Long Beach State changed its fall break to three days from five, causing confusion on campus from the inconsistent academic calendar.
Administrators changed the fall holiday break this year to begin Wednesday, Nov. 27, the day before Thanksgiving. The break lasts from Wednesday to Friday.
CSULB hasn’t had a three-day fall break since 2015. Typically, Thanksgiving break begins the Monday before the holiday, giving students an entire school week off from classes.
“Calendar decisions are the result of a shared-governance approach,” said Jeff Cook, associate vice president of strategic communications. “This work is complex, and my understanding is the number of instructional days in a semester is a key consideration.”
The decision to change the school calendar came from the Campus Academic Calendar Committee, with confirmation from President Jane Close Conoley.
According to the school website, the committee develops a proposed academic calendar to meet California State University requirements as well as the needs of students and faculty. This includes the consideration of campus activities, students’ employment and academic success, and holidays.
Students have expressed frustration over these schedule changes, as the short fall break creates an inconvenience for those with holiday plans.
“I feel students and staff barely get a whole week to spend time with family and enjoy Thanksgiving,” said third-year food science major Hetvi Babaria. “Having such a short break hinders that.”
Since Thanksgiving falls late in the month this year, finals were pushed up to just a week after fall break. This rushed scheduling gives students only one week of regular classes before exams begin, prompting an inconsistent finals agenda.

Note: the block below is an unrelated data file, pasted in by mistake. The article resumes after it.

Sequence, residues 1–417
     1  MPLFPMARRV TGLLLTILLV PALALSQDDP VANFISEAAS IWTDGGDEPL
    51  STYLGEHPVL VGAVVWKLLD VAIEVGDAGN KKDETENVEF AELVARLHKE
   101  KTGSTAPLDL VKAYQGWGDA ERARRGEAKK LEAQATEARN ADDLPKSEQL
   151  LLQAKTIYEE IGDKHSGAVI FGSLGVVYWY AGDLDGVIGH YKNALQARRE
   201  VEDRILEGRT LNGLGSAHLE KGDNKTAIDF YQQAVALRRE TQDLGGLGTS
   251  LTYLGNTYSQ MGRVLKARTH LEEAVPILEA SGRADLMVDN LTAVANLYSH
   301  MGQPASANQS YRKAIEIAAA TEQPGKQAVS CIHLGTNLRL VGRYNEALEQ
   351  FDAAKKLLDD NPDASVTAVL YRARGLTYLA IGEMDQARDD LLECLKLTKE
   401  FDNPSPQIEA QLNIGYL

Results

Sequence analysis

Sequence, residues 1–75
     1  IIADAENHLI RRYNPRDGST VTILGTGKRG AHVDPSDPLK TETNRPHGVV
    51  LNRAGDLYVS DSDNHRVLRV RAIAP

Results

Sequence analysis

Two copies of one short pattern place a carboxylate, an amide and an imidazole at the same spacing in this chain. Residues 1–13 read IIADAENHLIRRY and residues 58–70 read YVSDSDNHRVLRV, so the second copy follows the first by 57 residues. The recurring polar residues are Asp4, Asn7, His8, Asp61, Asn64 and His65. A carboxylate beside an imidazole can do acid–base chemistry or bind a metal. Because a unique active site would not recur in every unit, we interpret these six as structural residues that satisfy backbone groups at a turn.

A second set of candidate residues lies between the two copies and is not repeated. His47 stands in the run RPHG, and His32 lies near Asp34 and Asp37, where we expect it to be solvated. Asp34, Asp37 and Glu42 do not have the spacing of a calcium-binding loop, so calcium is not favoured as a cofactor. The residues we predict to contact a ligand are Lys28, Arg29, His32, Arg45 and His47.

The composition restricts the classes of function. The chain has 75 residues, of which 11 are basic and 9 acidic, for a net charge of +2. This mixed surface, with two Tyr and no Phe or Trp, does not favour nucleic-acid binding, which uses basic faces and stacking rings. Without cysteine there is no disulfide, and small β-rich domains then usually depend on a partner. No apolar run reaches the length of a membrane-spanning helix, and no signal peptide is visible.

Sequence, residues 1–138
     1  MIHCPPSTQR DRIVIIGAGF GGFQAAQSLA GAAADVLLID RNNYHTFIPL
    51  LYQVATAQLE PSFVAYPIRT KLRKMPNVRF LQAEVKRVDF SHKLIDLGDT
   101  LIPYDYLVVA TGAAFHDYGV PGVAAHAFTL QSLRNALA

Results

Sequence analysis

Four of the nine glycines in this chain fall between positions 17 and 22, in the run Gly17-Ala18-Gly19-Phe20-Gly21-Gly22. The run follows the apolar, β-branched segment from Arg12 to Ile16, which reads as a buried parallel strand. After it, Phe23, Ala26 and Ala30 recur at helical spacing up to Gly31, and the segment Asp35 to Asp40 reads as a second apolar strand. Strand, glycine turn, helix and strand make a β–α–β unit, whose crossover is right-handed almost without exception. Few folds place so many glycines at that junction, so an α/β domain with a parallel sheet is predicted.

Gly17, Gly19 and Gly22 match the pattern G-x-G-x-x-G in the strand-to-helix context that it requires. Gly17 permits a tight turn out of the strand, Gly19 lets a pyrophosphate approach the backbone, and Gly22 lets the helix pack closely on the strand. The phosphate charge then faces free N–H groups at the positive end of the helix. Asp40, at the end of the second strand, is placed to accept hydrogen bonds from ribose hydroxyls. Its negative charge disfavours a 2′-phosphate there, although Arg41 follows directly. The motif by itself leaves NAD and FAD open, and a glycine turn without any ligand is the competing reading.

The fall 2019 finals schedule lasts from Wednesday to Tuesday, while spring semester’s finals week is Monday through Saturday.
Spring session begins Tuesday, Jan. 21, just after Martin Luther King Jr. Day.
CSULB does not give students Presidents’ Day off, but it does give Cesar Chavez Day off. However, Cesar Chavez Day overlaps with spring break, resulting in another lost opportunity for a day off.
The lack of consistency in CSULB’s calendars especially affects students who fly back home during breaks.
“People live far and need time to travel,” said third-year studio arts major Natalie Spina.
Although the committee’s goal is to prioritize student needs, the three-day fall break serves to frustrate and disorient students’ expectations.
Many professors assign their students homework to complete during the holiday, and the shorter break leaves students with less time for these projects.
“[The schedule] is going to stress me out and I feel I wouldn’t be able to enjoy my break,” Babaria said.